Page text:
Why would an estate planning lawyers insist you sign a POA

Why would an estate planning lawyers insist you sign a POA

The short answer is that I don’t know why anyone would be that stubborn to make their client do things their way. It’s like a doctor saying, “Get this surgery and you will be better. If you don’t listen to me, then I won’t be your doctor anymore.”  If they can’t explain their reasons to your satisfaction and still insist, consider changing lawyers.

Some attorneys have always done estate planning “packages”, and haven’t changed with the times. It might be hard to leave an attorney that you’ve been working with for a long time and who you are otherwise comfortable with. But, if you can’t get a decent answer to this pretty powerful question, it might be worth getting at least a second opinion.

Ways to limit a power of attorney

Ways to limit a power of attorney

If you feel that you need a power of attorney, then ask the attorney to make it a limited one. There are two main ways to limit a POA:

The first way is to get a springing POA instead of a general POA. A general POA is effective immediately upon signing. A springing POA is conditional; those powers only come into existence if certain conditions are met. Usually this means that you must be deemed incompetent by two physicians.

The second way to limit a POA is to only choose specific powers for the agent to have. You don’t want to check the box that says your agent under the POA has the power to gift all of your money. And you certainly don’t want to check the last box that says, “All of the above.” Carefully choose only the powers that are needed to accomplish your goals. If it’s not something you would do in your own capacity, don’t give someone else the power to do it!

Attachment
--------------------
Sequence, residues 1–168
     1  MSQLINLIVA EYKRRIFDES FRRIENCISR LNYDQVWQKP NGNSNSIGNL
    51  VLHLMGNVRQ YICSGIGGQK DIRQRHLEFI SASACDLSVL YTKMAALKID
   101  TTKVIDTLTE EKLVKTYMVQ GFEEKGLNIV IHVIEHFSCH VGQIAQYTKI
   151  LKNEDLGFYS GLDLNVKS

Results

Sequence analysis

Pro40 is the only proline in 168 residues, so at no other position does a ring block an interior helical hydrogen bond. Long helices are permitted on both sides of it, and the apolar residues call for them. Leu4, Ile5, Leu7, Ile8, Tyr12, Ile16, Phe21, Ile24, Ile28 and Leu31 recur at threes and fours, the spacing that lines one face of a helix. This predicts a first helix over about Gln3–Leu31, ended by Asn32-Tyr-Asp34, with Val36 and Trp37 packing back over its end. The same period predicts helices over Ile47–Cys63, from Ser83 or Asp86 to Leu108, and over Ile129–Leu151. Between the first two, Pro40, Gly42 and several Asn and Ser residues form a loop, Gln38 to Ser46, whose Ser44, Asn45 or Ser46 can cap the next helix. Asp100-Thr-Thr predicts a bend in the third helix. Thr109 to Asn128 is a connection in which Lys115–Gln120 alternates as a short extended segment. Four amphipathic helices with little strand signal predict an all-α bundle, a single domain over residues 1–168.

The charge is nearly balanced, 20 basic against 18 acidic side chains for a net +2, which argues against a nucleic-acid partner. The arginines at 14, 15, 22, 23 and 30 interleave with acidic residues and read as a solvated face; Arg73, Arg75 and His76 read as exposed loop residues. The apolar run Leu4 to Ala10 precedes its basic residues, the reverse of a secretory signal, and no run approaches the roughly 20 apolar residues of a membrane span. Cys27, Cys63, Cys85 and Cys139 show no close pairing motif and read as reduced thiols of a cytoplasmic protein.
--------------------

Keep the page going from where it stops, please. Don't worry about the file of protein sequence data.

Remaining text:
Solo Ager

If you don’t already have my book, “The Solo Ager Estate Plan,” click the link below for a copy.

Free copy of “The Solo Ager Estate Plan”

The Solo Ager Estate Plan Cover 3D

Complete this form to receive your complimentary copy of Anthony’s Amazon best-seller, “The Solo Ager Estate Plan

reCAPTCHA is required.
E307 End of Life Decisions for Solo Agers

E307 End of Life Decisions for Solo Agers


How do you find a trustworthy fiduciary to make end of life decisions for you if you’re a solo ager? We get these questions often from our solo ager clients and followers:

“What provisions may be made if someone has no healthcare proxy?“

“When there is no one to take care of you as you age and you become ill, how can you ever find a fiduciary you can trust?”

We’ll review the problem, the lack of options, and if/when we’re able to help.

Solo agers’ problem

Solo agers’ problem